The first hours in Random didn't leave me lost, but excited!
Zoink! Games revealed Lost in Random last year during their EA Play showcase. The game immediately caught my attention with its gorgeous visual style, clearly inspired by gothic stop-motion films like Coraline and 9. It’s world and characters were clearly based on all sorts of board and card games, fitting of a place called Random. EA gave me the opportunity to go hands on with an early PC build of the game. While it’s still unclear to me how well this game will perform on the NIntendo Switch, it’s core gameplay and world shined in my first four hours with the game.
Lost in Random tells the story of Even, a little girl who gets separated from her older sister Odd when she rolls the Queen of Random’s magical dice on her 12th birthday. Odd rolls a six and is taken away to live with the Queen in her palace. Even, however, can’t sit by and decides to head out after Odd. Unfortunately for Even, she gets taken away to the lost battlefield of the dice. Here she finds Dicey, the only surviving dice from a long lasting war. It walks on two legs and talks in a mysterious language. Together the two must make their way through Random to reach the palace of the Queen and find a way to save Odd. Along the way they explore the six different worlds in Random and meet a cast of quirky characters.
The most striking feature of Lost in Random is it’s gorgeous art design. The game looks like a stop-motion animation film come to life. Much akin to the work of film studio Laika and The Nightmare Before Christmas, it uses every opportunity of it’s artstyle to surprise and amaze. From the creative character designs of the townsfolk to it’s world in general. During my time with the demo I was able to visit two of the six major cities from the game and each one felt distinct and different. The starting town where Even and Odd live, Onecroft, is clearly designed as a shipping port with all the buildings being based on kettles and pots. But my time with the game started to get even more impressive when exploring Two-Town, a place where every character has a split personality of some kind. Some of them have actual twins, while others swap personalities from time to time. Even the town itself has two majors that have divided up parts of the town itself. While I wasn’t able to visit the next city Threedom, there were already hints about the place in Two-Town, suggesting it was ruled by three rivaling siblings claiming ownership of the city. It’s these touches that makes Random truly a joy to explore because of its fleshed out worldbuilding. That’s before you get to the decorations, which are each clearly inspired by board games. Domino pieces line the streets, cards function as spawn points for enemies and even during combat you will be moving around gigantic pawns and game pieces to advance.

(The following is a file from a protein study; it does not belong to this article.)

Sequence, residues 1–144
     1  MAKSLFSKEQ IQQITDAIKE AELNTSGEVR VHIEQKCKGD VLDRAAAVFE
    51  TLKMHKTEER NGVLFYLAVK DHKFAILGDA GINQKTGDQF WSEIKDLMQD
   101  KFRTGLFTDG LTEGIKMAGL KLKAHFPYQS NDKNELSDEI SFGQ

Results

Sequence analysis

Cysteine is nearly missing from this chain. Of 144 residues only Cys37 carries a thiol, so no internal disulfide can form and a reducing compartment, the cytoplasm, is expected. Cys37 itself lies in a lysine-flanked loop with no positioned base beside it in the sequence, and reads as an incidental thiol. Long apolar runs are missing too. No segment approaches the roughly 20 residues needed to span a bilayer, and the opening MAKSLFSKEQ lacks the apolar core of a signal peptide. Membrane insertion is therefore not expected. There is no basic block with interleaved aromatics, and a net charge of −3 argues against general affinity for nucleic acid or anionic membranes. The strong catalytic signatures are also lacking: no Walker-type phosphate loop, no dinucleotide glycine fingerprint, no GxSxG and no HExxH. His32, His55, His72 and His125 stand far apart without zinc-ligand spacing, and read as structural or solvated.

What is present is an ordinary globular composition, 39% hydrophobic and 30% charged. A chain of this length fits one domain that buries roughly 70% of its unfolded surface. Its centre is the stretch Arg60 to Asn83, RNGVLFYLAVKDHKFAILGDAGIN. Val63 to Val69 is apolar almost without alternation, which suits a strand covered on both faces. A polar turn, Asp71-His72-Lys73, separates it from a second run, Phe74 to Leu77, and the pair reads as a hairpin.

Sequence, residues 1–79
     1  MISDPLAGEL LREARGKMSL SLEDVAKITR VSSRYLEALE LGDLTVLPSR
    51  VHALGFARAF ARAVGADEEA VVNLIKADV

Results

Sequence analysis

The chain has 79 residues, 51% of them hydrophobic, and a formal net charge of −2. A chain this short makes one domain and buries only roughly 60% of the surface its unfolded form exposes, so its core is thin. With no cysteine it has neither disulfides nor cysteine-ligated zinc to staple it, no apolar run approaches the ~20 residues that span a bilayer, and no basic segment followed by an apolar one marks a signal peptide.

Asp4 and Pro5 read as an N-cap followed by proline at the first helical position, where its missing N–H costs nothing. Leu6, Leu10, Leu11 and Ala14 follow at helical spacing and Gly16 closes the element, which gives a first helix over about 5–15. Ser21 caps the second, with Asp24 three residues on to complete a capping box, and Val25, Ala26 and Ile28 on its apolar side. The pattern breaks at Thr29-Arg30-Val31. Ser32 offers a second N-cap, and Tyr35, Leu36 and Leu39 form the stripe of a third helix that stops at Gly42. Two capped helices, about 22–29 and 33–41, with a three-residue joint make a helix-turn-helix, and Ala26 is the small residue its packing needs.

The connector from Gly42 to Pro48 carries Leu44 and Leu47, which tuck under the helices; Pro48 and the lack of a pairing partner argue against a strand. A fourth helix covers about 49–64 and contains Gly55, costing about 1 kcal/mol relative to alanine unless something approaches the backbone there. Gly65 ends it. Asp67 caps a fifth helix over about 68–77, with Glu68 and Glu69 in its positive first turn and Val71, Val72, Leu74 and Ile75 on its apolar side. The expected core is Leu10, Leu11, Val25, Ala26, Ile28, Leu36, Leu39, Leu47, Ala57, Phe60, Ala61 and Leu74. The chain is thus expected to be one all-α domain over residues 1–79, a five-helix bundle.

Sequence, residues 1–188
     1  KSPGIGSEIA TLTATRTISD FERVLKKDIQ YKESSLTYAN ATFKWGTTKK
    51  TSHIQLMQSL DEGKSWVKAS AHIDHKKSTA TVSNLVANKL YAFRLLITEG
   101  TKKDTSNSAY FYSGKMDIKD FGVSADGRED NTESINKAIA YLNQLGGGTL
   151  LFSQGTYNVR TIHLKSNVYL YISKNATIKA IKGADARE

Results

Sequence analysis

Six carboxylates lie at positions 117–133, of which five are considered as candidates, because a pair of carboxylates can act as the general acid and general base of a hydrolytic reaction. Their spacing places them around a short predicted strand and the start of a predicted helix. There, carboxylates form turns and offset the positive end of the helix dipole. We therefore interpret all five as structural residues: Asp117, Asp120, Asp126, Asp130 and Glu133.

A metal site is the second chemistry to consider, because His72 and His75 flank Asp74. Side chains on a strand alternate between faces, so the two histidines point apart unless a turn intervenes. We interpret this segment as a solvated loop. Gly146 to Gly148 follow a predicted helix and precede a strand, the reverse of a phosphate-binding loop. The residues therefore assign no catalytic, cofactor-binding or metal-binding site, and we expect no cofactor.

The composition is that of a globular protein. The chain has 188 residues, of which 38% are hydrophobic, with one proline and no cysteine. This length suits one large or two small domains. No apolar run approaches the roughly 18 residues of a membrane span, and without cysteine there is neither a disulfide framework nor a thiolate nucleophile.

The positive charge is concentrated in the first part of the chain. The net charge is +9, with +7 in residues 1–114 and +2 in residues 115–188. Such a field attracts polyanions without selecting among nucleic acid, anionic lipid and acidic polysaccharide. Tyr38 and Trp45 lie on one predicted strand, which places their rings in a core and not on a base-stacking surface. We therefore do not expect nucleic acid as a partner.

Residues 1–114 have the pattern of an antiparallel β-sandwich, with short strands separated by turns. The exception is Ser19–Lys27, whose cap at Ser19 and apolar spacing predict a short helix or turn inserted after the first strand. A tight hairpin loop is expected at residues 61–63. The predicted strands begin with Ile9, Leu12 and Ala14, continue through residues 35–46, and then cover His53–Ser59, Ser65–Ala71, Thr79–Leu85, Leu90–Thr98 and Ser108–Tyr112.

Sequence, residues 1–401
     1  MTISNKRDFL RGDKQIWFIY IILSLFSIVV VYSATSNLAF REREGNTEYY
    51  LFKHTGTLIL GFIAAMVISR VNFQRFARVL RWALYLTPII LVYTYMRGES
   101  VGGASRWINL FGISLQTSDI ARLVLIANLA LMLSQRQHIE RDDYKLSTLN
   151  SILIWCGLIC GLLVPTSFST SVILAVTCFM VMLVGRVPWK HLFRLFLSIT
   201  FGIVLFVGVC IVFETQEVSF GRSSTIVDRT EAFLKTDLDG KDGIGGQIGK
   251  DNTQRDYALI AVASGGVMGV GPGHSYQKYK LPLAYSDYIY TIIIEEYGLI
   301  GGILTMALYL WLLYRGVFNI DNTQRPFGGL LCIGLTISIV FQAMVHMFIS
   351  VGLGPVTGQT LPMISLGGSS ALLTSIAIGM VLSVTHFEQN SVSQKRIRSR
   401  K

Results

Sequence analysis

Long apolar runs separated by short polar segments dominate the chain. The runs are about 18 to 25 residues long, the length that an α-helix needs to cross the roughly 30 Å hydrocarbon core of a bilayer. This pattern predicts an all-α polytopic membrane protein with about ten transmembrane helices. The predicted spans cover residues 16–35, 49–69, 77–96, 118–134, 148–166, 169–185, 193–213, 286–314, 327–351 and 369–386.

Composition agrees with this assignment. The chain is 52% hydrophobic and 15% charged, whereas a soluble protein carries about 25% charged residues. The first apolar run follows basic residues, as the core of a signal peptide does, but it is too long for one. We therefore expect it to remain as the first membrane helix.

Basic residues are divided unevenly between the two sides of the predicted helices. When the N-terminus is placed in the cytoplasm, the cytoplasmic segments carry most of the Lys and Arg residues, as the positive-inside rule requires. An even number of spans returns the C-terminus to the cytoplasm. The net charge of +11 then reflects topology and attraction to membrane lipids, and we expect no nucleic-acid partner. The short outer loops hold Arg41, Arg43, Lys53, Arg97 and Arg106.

So let’s dive into combat. Lost in Random is a mixup of a card-based battle game and a third person RPG. You see, as Even herself you can’t really deal damage to opponents once you get drawn into a battle encounter. Even is only armed with a slingshot that can hit enemies from afar. The catch is that none of these do actual damage to the enemies themselves, but you can use it to knock off energy crystals. Once enough crystals have been collected by Even you are able to throw Dicey as a roll. Now this is where combat really finds its edge. When you roll Dicey, time stops and you gain energy, based on the number you’ve rolled with Dicey. You can spend this energy on the cards that are part of your deck and drawn at random. Each card has its own unique effect that needs to be used in a specific way. There’s damage cards that give Even weaponry like a Sword or a bow that can hit enemies up to a certain number of times. There’s also support cards like additional energy, drawing additional cards and healing HP. And finally there’s hazardous cards that you can place while time is standing still to surprise enemies once you exit the time stop. Once you’ve hit an enemy, time resumes and effects go off. This gives combat a very strategic feel that allows you to truly mix and match cards you’ve found along the way. For example, when fighting a large group of enemies, I liked to use some energy to decrease the energy costs of other cards, place another Time Bubble that slows down enemies that are caught in it and also turn Dicey into a large explosion that I would then put within the Time Bubble. Before the normal flow of time would resume I’d hit an enemy for additional energy and then watch the chaos unfold. Honestly, the best comparison I found myself making was the combat system of Final Fantasy 7 Remake. The battle system feels satisfying, especially after you collect pins, that allow you to save cards for later usage.